Portugal no rogue state of hippie drug enthusiasts

Plain Rhetoric
By Bill McQuarrie
November 14, 2017 - 8:55am

KAMLOOPS — Last week’s column on our failed policies of criminalization and enforcement on drug use generated a large number of comments with opinions ranging from:  “Build large warehouse prisons and lock up those who cannot live with the rest of us.” to “...a little insight and understanding the plight of addicts would go along way with the public concerns.”  

It was a mix of intolerance, misconceptions and compassion. And if the comments were representative of Kamloops in general, the law and order side was the predominantly held view.  

There were suggestions that more money, more police, more prisons and in some comments, even the suspension of the Canadian Charter of Rights and Freedoms would help solve the problem.

With the exception of violating the Charter, all the others have been in place for decades and have gotten us exactly where?  

So what other options are available? I mentioned Portugal’s solution which, despite the assumption of many, does not involve the decriminalization of drugs and has become the centrepiece for a more intelligent, socially responsible and common sense approach to drug use and addiction.

Portugal’s approach has been in place since 2001 and drugs continue to be illegal but they have decriminalized possession for amounts not exceeding a 10-day personal supply. Selling drugs remains a criminal offence and jail time comes with a conviction.

Drug substitution treatments are available throughout the country, are free and include medical help for addiction and health related issues. Portugal follows up initial substitution treatment with a fully integrated after-care and reintegration program. And from there they developed and implemented a complete training, employment and housing program.

They have 73 specialized treatment facilities and 14 detox units along with 70 public outpatient facilities and 13 daycare centres.

Portugal shifted from the crime and punishment model for users to a more health-centred approach in combination with new social policies. So what did they get in return?

In a CBC interview,  “…and going by the 2016 United Nations World Drug report, they <Portugal> have one of the lowest fatal overdose rates in the world. In 2012, they had just 16 drug-related deaths in a country of 10.5 million.”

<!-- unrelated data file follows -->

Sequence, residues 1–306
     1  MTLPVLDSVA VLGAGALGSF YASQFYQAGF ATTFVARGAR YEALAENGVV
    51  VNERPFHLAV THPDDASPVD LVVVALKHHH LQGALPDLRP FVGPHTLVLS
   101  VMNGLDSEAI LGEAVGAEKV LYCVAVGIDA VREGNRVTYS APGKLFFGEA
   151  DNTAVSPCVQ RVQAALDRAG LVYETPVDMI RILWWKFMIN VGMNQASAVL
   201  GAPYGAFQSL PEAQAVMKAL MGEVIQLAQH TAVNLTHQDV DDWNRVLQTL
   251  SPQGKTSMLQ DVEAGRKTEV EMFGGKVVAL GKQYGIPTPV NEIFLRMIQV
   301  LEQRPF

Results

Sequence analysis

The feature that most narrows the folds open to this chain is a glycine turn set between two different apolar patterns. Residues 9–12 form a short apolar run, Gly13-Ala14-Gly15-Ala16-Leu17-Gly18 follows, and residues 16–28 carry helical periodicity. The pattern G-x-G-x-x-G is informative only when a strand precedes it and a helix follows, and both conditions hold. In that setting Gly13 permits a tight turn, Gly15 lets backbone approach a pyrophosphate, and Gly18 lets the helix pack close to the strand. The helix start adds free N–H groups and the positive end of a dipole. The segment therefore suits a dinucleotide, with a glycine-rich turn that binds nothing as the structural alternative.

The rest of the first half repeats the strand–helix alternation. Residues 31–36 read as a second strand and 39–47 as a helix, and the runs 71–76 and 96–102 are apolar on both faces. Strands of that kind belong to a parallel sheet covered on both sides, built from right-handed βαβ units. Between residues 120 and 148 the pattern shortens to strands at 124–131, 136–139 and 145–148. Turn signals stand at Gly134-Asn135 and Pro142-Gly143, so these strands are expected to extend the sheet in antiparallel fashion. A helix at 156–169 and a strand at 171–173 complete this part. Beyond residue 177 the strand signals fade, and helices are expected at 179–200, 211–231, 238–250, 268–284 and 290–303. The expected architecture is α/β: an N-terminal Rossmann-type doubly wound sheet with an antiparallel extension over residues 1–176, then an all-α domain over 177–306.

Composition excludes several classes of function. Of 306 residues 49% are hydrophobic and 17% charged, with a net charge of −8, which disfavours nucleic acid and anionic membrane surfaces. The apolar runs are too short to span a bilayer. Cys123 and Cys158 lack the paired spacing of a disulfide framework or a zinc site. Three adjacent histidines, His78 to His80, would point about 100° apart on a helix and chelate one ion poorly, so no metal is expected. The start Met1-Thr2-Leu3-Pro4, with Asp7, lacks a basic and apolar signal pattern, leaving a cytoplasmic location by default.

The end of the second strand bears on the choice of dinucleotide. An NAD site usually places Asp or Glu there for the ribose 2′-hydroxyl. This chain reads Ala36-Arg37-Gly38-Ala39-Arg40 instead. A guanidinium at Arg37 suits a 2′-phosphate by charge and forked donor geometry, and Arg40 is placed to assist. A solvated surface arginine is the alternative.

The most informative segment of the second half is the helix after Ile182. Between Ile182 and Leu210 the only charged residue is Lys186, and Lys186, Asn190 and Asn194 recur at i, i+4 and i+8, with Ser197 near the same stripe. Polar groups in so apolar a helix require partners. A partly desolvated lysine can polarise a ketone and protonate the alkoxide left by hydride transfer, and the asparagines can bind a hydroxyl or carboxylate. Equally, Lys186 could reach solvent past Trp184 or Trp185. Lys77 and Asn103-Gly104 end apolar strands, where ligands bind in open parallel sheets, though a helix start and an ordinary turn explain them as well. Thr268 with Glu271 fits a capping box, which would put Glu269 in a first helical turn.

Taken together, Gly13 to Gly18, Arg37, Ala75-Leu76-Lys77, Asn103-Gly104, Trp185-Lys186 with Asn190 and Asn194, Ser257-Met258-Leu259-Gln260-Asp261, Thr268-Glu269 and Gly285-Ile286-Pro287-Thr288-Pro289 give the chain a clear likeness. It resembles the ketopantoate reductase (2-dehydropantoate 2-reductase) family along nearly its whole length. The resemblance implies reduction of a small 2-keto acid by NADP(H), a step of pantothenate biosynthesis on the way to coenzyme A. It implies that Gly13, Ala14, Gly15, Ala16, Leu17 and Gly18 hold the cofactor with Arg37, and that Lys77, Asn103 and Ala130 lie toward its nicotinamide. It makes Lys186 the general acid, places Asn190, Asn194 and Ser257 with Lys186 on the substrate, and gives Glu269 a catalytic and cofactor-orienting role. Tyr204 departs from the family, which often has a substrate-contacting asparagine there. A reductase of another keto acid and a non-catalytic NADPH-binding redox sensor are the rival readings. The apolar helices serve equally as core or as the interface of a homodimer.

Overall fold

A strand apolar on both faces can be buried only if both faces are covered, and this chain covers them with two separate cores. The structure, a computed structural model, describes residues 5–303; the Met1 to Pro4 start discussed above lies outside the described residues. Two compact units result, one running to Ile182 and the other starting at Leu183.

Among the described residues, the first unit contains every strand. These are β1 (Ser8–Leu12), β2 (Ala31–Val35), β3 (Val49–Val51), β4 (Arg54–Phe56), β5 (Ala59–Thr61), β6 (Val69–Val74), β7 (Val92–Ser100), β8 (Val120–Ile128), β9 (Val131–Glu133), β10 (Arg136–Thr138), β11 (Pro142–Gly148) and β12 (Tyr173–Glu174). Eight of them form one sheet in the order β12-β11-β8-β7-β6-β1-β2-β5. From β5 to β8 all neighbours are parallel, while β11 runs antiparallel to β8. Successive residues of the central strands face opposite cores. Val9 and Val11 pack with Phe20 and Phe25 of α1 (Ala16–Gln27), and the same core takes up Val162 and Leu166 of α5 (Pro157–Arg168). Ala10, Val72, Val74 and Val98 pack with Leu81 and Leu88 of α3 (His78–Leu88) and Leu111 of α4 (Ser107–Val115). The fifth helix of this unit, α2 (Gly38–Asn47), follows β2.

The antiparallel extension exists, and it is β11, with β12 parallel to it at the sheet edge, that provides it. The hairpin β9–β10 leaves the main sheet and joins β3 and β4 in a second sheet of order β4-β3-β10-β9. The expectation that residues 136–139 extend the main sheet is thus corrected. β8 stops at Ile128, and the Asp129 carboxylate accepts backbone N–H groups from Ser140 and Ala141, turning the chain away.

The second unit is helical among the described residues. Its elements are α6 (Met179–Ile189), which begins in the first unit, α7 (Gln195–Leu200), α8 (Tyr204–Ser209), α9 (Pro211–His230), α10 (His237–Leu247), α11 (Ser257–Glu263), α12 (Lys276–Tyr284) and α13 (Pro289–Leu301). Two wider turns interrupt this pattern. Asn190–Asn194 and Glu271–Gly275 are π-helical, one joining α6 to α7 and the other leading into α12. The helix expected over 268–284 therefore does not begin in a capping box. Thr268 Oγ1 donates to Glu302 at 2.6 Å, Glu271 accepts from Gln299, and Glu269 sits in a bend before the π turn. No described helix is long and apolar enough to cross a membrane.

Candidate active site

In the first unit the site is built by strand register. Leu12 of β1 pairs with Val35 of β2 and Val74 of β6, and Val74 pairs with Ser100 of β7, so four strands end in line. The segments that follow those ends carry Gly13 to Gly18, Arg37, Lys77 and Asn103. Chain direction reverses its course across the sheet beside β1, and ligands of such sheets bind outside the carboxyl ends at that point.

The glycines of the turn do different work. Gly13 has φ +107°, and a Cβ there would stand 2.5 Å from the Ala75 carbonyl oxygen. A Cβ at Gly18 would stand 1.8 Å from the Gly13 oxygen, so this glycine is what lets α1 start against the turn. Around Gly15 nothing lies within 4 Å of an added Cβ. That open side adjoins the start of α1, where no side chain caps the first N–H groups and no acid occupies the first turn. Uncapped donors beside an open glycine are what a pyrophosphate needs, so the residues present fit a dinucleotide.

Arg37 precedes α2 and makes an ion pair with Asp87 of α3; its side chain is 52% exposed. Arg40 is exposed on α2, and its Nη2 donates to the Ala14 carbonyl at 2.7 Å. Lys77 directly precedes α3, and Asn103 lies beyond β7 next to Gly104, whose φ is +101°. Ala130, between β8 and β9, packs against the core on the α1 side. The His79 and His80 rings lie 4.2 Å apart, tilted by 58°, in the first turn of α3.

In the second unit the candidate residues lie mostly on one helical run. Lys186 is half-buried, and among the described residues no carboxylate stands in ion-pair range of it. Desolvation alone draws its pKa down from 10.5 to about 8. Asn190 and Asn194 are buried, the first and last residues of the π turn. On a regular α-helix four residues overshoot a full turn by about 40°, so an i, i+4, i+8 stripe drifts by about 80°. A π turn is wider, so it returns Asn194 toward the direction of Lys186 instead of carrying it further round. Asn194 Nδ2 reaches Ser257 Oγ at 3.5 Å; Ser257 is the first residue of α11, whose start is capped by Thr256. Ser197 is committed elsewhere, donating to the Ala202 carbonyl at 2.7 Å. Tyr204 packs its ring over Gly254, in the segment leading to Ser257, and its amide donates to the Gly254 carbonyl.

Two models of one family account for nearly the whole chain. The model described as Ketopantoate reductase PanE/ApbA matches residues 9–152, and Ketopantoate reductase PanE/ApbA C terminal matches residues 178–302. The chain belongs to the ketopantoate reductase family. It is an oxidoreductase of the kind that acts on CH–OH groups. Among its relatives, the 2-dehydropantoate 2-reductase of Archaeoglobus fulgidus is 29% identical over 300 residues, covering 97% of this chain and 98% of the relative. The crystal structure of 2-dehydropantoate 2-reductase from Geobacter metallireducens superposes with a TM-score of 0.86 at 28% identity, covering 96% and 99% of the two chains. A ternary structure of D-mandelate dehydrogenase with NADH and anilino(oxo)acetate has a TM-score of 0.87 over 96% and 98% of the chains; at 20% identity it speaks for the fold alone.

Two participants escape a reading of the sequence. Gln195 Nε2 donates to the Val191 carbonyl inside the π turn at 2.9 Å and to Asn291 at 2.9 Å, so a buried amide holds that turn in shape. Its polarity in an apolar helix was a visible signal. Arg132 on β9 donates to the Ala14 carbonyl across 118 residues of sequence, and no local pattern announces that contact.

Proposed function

Deaths by overdose in Portugal were once the highest in the EU and are now down to 3 overdose related deaths per one million, compared to 44.6 in the UK and an EU average of 17.3

Drug related illnesses such as STDs have decreased dramatically and HIV and Hep-C are down by 90 per cent among users.

In 2000, there were 6040 people using substitution treatments and by 2008 that number had increased to 25,808.

Teenage use is down by 45 per cent and the feared dramatic increase in drug use among all ages has failed to materialize.

Is it a cure all? No, but it is a start and is working better than the decades old and failed crime and punishment model.

Will it work in BC? This is where it could get complicated as noted by Kamloops resident David Johnson. Mr. Johnson commented on last week’s column saying, “The Controlled Drugs and Substances Act is a federal law, yet the responsibility for application of social justice and health care falls to the provinces.   

Bluntly put, the feds would save a lot of money from diverting people from the criminal justice budget, as well as the cost of prohibition ... yet it is the provinces that would need to pay for the increased costs for social and health programs to assist these same people. We all know that the provinces will not take orders from the feds on health care regarding specific programs and demand to retain the latitude to spend 'as it seems fit', and that won’t change here.”

If there is a will though, then the chances of finding a way are dramatically improved, which brings us back to local government.  

Keep in mind, Portugal is not alone nor a rogue state of hippie drug enthusiasts. There are 25 other countries that have decriminalized possession and moved away from punitive drug enforcement practices.

City council hasn’t the ability, means or jurisdiction to make the kind of changes needed. However, they do have a voice and need to use it.  

They can continue down this senseless path of preaching to the ‘lock ‘em up’ crowd while spending more on methods guaranteed, as they always have, to fail. Or they can start learning from progressive societies and begin lobbying senior governments to treat addiction as a health and social issue.

Change begins at the community level and grows from there. Do we stay with the Charles Dickens era of crime and punishment or accept that maybe all those other countries have something we should be looking at?

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